…Under the Canadian Copyright Act, an author’s work is generally protected by copyright from the moment that it is created and fixed in a form (e.g., in writing), without the need for any registration or legal action. Generative AI systems use such existing works as input data to enable the AI to create new works. The legal challenge is that often the data that AI systems rely upon to create new content is protected by copyright, which means that the copyright owner’s rights are necessarily infringed because they are copied by the act of teaching the AI software. – Chantelle Hospedales, JDSupra
The disruptive impacts of Donald Trump's presidency continue to wreak havoc in America and influence politics abroad. Two years after losing the presidency, is his influence behind him or is his MAGA movement still a force to be reckoned with? Steve Paikin discusses this with veteran investigative journalist Bob Woodward.
Saudi money is pouring into Hollywood and media: US media players are jetting to the Gulf States seeking investment as interest rates climb at home. – Claire Atkinson & Lucia Moses, Insider
New York Times is the fastest-growing news brand in the UK – Aisha Majid, Press Gazette UK
Chat GPT raises serious copyright issues for publishers: “Litigation is expected on many fronts across multiple jurisdictions. Regulators are already actively considering their response. " – Dominic Ponsford, Press Gazette UK
Telecom battle goes public, with Bell accused of ‘abusive’ behaviour for double-billing 911 services – Christine Dobby, Toronto Star
The FBI Just Admitted It Bought US Location Data: Rather than obtaining a warrant, the bureau purchased sensitive data—a controversial practice that privacy advocates say is deeply problematic. – Dell Cameron, Wired
YouTube TV’s Multiview lets you watch four sports games at once – Florence Ion, Gizmodo
Samsung to invest $230 billion to build “mega” chip cluster – Kim Tong-Hyung, AP
Microsoft Edge ‘copilot’ puts ChatGPT right into your browser – Cal Jeffrey, Techspot
AI-augmented Bing just crossed the 100 million user mark – Windows Central
Meet the companies trying to keep up with ChatGPT: From Google’s Bard to Microsoft’s new Bing, here are all the major contenders in the AI chatbot space. – Emma Roth, The Verge
How AI could write our laws: ChatGPT and other AIs could supercharge the influence of lobbyists—but only if we let them. – Nathan E. Sanders & Bruce Schneier, MIT Technology News
Fox News journalists sound off on ‘soul crushing’ Dominion filings – The Daily Beast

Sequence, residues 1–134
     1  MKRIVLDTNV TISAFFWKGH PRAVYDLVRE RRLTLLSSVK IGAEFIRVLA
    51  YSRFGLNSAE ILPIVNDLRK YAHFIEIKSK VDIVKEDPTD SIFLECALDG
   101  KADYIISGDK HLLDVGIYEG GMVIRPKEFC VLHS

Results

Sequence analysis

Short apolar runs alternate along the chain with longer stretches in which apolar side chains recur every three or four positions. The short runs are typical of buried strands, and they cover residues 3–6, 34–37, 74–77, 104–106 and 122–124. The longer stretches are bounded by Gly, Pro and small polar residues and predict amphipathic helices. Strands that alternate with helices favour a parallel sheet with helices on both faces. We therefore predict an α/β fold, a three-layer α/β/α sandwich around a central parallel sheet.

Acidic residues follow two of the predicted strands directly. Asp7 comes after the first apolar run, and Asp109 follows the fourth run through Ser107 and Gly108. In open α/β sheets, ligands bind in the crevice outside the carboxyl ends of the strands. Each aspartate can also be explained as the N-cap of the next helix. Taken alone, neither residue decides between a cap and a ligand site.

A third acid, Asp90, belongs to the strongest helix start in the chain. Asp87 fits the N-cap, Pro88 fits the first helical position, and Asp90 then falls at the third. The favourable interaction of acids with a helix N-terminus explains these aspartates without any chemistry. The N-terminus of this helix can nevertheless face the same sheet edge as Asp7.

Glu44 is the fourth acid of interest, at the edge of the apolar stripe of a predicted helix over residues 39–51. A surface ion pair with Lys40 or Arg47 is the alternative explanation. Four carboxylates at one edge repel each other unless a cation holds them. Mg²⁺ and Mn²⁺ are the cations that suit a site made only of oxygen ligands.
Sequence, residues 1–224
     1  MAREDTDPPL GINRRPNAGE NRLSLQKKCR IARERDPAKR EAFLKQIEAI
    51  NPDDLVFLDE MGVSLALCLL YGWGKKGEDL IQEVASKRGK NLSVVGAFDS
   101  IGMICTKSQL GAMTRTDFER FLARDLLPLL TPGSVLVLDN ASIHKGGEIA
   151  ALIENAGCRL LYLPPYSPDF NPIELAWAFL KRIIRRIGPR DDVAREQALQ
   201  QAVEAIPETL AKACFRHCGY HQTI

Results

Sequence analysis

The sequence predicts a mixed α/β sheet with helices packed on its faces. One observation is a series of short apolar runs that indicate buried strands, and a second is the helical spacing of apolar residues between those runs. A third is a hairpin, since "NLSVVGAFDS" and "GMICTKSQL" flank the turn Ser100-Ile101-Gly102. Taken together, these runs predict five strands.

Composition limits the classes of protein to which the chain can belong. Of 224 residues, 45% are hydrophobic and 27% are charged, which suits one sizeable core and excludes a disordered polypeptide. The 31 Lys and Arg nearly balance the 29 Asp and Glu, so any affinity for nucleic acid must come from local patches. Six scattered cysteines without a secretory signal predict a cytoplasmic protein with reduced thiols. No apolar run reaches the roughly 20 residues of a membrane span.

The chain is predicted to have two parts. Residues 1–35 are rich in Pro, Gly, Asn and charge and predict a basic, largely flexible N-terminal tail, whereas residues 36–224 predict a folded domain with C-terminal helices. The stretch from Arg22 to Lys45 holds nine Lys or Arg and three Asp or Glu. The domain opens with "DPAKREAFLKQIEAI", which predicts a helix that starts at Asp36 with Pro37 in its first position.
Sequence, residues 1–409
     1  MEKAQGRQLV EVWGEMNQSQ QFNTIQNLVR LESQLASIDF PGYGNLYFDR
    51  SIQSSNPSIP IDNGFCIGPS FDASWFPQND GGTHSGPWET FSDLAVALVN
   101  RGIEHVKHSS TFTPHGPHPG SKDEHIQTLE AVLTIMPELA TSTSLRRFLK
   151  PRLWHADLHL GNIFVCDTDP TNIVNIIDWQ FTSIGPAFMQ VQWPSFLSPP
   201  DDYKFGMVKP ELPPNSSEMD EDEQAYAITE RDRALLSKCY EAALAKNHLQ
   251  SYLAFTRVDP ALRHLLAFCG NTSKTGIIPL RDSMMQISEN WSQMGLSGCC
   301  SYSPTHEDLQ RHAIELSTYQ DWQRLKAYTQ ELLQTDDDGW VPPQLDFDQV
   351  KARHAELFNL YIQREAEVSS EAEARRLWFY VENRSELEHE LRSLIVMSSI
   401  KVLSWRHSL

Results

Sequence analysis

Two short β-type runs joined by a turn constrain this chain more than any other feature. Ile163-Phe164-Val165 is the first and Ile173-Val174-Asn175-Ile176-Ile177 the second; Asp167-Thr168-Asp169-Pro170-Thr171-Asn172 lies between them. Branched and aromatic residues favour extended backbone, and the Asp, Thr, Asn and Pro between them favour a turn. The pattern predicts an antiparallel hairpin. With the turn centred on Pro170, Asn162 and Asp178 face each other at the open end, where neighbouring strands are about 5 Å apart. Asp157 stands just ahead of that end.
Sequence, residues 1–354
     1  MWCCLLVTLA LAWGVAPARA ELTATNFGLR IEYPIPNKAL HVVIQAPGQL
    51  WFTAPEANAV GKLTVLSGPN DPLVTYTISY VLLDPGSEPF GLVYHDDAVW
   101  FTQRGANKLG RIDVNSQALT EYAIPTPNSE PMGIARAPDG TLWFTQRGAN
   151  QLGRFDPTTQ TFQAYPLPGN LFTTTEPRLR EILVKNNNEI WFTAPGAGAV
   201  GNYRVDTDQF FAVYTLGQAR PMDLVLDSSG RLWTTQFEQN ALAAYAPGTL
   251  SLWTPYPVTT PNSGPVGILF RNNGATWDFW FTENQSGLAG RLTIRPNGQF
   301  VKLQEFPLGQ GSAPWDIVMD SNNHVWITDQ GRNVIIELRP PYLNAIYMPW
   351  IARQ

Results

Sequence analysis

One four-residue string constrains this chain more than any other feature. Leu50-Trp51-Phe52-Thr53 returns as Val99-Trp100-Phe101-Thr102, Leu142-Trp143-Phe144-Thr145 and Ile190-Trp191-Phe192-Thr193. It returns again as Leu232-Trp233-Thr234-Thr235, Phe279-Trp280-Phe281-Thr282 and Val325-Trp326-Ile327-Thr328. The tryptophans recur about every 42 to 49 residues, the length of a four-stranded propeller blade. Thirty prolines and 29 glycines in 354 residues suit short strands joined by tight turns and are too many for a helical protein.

Trump is publishing a book of letters he received back when people didn’t think he was Satan: Former President Trump, in a new book, plans to reveal 150 private letters sent to him—including one from Oprah Winfrey in 2000 in which she says: “Too bad we’re not running for office. What a team!” – Bess Levin, Vanity Fair
The news business is in crisis, but not The New York Times Co. – Abram Brown, The Information
This couple just got married in the Taco Bell metaverse: The future of virtual weddings is shiny, tacky… and sponsored. – Tanya Basu, MIT Technology Review
Unscripted: The epic battle for a media empire and the Redstone family Legacy by James B Stewart & Rachel Adams. Imagine a mash-up of King Lear and Weekend at Bernie’s, the 1989 movie comedy about two scamps who prop up a cadaver so they can enjoy a weekend at his beach house, with Redstone starring in both title roles. – The Wall Street Journal
Lyor Cohen on Canada’s new streaming bill: “It will clip the wings of emerging artists. – Erik Leijon, Complex Canada
Nielsen US: AM/FM ratings overtake TV for first time: With cord-cutting and streaming on the rise, Nielsen data shows television reach among persons 18-49 has dropped -28% and time spent viewing eroded -56%, an hour and a half, since 2018. This comes on the heels of Edison Research’s 2023 Infinite Dial report, showing 73% of adults 18+ still listen to AM/FM. – Radio Ink
Mark Zuckerberg confirms 10,000 Meta layoffs: In a memo to staff, CEO Mark Zuckerberg said the social media company will also close around 5,000 additional open roles that have not been filled. – Eilleen AJ Connelly, The Wrap
Randy Rainbow’s George Santos satire: Life isn’t a Jolly Holiday for George Santos, but rather, a f—in’ fantasy. At least, that’s how Randy Rainbow puts it in his latest parody video. Parodies: Jolly Holiday from Mary Poppins (Richard M. Sherman and Robert B. Sherman) and Georgy Girl by The Seekers (Tom Springfield)
And at our border with the U.S: CNN's Polo Sandoval visits Roxham Road, a northern US border entry in New York, where officials see an influx of migrants trying to use the illegal entry point to seek asylum in Canada